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Definition: phono preamp


An electronic circuit that amplifies and equalizes the analog output of the cartridge in a phonograph turntable. The output is boosted to a level equivalent to other audio sources such as tapes and CDs, and RIAA equalization is required to restore the original signal. Typically built into an audio or A/V receiver, phono preamps also come as external devices for units without phono inputs as well as for audiophiles who want the highest-quality restoration. External phono preamps are also used for turntable-to-computer applications (see USB turntable).

The RIAA "Curve"
When vinyl masters are cut, frequencies below 1 KHz are attenuated (reduced) to prevent the stylus from crossing over into the previous groove. In order to eliminate noise from the disc surface, higher frequencies are amplified. The phono preamp's RIAA equalization boosts the lows and attenuates the highs to recreate the original analog signal. See turntable, phono input and microphone preamp.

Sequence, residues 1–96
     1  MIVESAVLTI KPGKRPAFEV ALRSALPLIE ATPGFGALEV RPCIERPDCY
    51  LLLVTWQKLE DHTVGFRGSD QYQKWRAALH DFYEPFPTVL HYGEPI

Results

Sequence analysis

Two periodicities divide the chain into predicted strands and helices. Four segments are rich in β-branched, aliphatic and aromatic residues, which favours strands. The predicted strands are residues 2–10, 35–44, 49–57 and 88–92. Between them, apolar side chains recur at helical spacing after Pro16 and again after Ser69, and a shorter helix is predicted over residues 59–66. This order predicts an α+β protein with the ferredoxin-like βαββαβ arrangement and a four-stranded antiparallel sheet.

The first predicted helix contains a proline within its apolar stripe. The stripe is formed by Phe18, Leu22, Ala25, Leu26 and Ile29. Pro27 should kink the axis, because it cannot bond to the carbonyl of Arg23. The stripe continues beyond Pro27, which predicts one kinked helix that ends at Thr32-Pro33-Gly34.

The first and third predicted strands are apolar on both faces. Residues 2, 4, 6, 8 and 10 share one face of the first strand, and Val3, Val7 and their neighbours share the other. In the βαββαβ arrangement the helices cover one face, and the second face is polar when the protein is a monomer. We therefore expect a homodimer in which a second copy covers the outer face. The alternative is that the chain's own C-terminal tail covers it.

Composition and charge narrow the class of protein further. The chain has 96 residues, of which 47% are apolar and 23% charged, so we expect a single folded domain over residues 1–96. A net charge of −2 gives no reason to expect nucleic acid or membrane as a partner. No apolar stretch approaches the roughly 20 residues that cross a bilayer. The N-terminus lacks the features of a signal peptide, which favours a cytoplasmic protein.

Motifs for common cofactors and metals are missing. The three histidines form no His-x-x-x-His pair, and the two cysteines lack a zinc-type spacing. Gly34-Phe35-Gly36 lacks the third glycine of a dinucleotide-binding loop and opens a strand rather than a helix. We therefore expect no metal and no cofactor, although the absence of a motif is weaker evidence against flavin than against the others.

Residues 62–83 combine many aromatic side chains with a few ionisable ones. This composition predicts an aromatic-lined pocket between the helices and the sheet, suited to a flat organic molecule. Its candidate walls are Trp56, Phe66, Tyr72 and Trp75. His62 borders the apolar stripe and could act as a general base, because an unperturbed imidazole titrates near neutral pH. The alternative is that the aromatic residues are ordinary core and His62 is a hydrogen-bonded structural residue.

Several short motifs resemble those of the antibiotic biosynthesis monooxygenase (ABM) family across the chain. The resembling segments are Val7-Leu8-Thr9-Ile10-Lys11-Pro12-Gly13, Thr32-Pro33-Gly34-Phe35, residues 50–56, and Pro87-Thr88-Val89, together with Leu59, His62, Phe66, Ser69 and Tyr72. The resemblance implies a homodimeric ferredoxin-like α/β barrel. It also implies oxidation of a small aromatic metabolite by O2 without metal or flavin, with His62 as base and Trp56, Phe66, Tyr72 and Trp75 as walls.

Cambridge Audio Phono Preamps
Cambridge Audio makes moderately priced phono preamps that are highly praised. The Duo accepts both moving magnet (MM) and moving coil (MC) cartridges, whereas the Uno is only for moving magnets. See phono cartridge. (Image courtesy of Cambridge Audio, www.cambridgeaudio.com)






High-End Phono Preamp
For audiophiles who crave high quality, the XP-17 from Pass Laboratories restores the frequencies in the vinyl record as close to the original as possible. The DIP switches on the back of the unit are configured to match the cartridge exactly. See phono cartridge and audiophile. (Image courtesy of Pass Labs, www.passlabs.com)